We only truly start valuing our diversity by creating an inclusive environment where differences are respected and the history, unique perspectives and customs of all are recognised.

We must recognise The “Rainbow Nation” and its significance as a character of our national identity by the full inclusion of its diverse expression and celebration of all the strands that weave the beautiful tapestry of what makes us South African.

We must fully recongnise the role of culture in conquering and addressing challenges such as social ills, bullying, and Gender-Based Violence Femicide (GBVF). We must draw on our rich history in these difficult times and our collective will to overcome adversity.

We have not done justice to the economic impact of culture and heritage and will not do so as long as we cling to a paradigm of restitution that starts with the SA Native Land Act of 1913 whilst ignoring the Wars of Dispossession bravely waged by our heroes since the inception of the colonial project.

This Heritage Day we must invoke the memory of all our brave heroes. We must celebrate and claim the legacies of the Goringhaikona leader Autshumato and his niece Krotoa who were imprisoned on Robben Island in 1658 by Jan Van Riebeeck.

We must recollect and claim the history of the 1686 Dutch Ship Stavenisse shipwrecked at Port St. John’s and the survivors who first encountered AmaMpondo nation and then the AbaThembu in the Eastern Cape.

We must claim and celebrate the legacy of 1855 AmaXhosa Chief Siyolo grandson of Ndlambe who was imprisoned on Robben Island after the Battle of Mlangeni. We must claim the legacy of 1858 when AmaNgqika Chief Maqoma and his wife Katyi were also imprisoned on the Island along with Maqoma”s half brother Xhoxho; Phato of the Gqunukwebe line, and his son Dilima; Stokwe, Mapasa and Fadana of AbaThembu who were all also imprisoned there after the Cattle Killings of 1856-1857 which were part of the Wars of Dispossession with the British.

We must claim the legacy of the 1869-1870 captives from the first Korana War who were sent to Robben Island including Piet Booy, David Diedericks, Jan Kivido and Carel Ruyter. We must claim the legacy of the second Korana War of 1880 that saw the imprisonment of leaders Thomas Pofadder, Jan Malgas, Jacobus Afrikaner, John Adam’s and Klaas Pofadder.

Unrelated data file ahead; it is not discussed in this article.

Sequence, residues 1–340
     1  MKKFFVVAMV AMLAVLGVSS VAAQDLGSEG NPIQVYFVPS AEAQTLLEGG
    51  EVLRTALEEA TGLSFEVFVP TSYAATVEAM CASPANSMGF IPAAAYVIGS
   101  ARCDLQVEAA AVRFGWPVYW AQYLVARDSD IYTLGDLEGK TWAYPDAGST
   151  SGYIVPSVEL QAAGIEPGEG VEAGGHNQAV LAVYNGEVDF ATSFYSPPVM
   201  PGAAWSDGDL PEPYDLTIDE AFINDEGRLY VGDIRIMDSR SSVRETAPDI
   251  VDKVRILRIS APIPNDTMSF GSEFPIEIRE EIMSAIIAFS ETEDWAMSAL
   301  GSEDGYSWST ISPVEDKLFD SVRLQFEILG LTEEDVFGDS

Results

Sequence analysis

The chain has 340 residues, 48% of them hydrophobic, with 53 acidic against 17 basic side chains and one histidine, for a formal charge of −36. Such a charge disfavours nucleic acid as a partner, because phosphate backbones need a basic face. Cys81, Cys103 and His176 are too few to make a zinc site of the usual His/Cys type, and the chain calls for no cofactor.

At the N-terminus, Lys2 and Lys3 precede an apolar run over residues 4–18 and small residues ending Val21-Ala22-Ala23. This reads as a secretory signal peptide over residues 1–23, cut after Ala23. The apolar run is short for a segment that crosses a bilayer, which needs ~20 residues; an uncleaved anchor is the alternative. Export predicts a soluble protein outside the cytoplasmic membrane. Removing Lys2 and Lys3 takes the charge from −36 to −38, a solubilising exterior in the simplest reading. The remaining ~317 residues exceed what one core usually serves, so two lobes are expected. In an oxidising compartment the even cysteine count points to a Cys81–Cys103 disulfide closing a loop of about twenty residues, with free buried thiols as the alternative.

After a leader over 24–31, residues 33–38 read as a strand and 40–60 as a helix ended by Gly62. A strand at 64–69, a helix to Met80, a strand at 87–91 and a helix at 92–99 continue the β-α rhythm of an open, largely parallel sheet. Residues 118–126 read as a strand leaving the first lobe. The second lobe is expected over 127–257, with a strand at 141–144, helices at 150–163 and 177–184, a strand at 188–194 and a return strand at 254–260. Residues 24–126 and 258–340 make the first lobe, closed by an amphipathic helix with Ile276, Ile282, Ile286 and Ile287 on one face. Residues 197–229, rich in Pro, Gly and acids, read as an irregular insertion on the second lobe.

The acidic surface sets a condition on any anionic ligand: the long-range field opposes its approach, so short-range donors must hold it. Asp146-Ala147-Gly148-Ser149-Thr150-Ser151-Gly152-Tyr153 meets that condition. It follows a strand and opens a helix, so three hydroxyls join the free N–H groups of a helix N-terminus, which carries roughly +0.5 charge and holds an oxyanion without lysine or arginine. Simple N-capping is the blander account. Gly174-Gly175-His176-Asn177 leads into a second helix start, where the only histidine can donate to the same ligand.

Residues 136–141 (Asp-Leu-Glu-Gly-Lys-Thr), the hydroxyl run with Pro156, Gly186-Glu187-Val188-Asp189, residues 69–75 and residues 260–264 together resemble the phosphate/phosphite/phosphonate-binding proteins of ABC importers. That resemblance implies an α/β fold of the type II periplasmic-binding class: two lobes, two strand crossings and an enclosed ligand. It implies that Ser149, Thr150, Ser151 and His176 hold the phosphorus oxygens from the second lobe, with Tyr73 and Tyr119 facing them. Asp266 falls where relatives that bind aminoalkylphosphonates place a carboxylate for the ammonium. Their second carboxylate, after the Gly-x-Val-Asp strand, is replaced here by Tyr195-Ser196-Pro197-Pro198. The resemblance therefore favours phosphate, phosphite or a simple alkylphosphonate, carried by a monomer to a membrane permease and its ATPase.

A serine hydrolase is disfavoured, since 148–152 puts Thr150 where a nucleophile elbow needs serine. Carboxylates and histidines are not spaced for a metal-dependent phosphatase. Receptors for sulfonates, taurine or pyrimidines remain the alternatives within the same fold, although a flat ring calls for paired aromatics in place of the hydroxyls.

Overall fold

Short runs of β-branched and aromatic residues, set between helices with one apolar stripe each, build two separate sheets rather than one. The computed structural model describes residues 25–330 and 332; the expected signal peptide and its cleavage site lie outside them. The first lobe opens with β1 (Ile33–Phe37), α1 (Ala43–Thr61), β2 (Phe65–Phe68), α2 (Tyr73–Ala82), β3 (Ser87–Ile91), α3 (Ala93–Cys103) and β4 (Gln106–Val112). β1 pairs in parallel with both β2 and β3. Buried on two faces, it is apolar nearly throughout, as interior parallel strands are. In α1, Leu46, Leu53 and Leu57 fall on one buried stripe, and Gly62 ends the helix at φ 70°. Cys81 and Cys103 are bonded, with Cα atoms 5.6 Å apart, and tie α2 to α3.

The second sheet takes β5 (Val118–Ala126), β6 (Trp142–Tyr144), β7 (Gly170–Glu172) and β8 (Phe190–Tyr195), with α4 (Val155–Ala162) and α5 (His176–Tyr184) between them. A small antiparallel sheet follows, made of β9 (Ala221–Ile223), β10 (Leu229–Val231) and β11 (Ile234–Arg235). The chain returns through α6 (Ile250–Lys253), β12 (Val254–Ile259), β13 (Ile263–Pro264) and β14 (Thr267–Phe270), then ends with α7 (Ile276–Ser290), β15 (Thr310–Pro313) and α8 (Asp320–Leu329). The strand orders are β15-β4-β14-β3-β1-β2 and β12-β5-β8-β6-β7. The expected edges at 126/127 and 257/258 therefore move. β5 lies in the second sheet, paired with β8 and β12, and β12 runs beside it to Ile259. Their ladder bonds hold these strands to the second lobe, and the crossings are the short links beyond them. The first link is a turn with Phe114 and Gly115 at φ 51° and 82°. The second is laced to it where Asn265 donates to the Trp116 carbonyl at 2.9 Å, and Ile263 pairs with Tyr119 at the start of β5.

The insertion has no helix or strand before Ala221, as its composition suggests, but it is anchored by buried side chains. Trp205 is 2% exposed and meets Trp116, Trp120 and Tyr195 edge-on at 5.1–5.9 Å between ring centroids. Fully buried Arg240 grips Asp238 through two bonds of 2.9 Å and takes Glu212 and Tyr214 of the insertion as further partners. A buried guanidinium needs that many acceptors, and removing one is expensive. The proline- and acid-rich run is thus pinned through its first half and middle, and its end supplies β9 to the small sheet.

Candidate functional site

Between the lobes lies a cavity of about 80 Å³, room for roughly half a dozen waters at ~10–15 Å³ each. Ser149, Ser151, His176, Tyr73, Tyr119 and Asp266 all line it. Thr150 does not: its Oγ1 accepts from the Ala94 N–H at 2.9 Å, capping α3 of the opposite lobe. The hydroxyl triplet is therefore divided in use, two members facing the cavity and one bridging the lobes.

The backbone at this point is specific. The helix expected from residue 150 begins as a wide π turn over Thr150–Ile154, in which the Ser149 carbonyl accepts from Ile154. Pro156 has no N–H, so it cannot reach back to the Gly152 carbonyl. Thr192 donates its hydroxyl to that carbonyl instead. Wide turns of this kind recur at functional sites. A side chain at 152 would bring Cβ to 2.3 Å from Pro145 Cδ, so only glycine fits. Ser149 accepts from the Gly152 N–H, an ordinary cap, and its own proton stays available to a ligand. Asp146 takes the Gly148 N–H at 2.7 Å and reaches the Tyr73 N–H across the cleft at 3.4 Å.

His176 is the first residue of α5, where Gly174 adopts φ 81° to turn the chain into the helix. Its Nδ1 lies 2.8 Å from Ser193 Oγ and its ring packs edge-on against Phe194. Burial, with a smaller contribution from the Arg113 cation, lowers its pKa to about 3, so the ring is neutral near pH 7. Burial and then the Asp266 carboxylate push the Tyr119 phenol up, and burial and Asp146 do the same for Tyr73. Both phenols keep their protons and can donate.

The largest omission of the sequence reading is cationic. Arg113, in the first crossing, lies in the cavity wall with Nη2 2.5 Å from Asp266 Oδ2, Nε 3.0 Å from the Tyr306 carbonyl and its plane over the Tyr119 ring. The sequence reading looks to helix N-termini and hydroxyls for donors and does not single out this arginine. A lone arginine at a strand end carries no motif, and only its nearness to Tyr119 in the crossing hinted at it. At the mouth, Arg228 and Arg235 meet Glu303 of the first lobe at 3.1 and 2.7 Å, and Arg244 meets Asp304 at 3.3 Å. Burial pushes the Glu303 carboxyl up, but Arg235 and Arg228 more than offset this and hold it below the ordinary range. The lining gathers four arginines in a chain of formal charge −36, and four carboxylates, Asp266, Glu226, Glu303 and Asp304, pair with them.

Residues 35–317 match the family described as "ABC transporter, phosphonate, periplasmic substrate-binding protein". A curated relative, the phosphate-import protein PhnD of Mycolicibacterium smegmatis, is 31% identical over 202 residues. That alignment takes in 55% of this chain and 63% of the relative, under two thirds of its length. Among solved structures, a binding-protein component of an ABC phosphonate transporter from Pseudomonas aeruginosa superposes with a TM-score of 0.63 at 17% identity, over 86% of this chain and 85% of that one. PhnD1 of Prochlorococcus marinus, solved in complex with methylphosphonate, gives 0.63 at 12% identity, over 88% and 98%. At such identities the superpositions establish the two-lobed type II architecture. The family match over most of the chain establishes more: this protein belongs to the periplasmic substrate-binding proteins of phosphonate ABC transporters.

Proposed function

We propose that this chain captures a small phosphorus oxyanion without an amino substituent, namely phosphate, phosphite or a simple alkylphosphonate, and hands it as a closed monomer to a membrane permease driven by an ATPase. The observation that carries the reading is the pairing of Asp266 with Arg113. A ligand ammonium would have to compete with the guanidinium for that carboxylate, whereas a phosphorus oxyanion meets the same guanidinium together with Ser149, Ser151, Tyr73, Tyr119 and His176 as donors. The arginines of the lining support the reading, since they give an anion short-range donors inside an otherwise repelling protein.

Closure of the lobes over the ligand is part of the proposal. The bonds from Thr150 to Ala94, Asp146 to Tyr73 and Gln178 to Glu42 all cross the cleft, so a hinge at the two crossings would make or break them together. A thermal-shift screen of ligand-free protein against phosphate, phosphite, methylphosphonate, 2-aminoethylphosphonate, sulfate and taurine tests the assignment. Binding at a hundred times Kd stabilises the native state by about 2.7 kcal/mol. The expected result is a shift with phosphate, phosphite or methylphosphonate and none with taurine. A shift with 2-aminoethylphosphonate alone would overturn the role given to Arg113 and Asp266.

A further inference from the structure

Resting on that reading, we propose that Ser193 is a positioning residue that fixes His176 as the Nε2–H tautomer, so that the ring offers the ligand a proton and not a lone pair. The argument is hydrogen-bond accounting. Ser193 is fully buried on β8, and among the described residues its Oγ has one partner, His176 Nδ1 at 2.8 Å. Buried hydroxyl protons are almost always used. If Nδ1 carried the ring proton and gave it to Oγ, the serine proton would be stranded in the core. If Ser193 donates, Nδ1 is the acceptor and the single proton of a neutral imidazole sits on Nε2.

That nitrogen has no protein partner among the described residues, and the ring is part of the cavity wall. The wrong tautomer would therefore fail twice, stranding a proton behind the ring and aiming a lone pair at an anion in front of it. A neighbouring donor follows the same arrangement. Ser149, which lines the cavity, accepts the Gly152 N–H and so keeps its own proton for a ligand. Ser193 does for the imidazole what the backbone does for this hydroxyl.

We must claim the legacy of 1874 of AmaHlubi Chief Langalibalele who was imprisoned for treason and later taken to the farm Uitvlugt in what is today Pinelands.

We must keep the stories of these brave leaders alive as it is our story. We must ensure that all monarchs in South Africa are equally honoured and the Ngonyama Trust model must be applied to all kingdoms so that all our traditional monarchs and communities are likewise beneficiaries of restorative justice and restitution.

As we once again rally the nation behind Amabhokobhoko this weekend in the Rugby World Cup 2023 against Ireland, let us be spurred on by the slogan together we can. Let us once again ignite our skies with the memories of the victories at Rugby World Cup 1995 under the iconic leadership of Francois Pienaar; the brave victory of 2007 under John Smit; and that triumphal moment in 2019 when Captain Courageous Siya Kolisi lifted the Webb Ellis Trophy for the third time. We stand on the brink of history as we march towards victory once again in France. We wish our boys well and send them our message of support; a nation united in its diversity can and will overcome all adversity.

Together we can!

Together we will!

God bless South Africa and grant us victory!

Nkosi sikelela iAfrica!

I thank you!

Nkosi Zwelivelile
Royal House of Mandela
Mvezo Komkhulu
P.O. Box 126
Viedgesville 5102
Eastern Cape Province
South Africa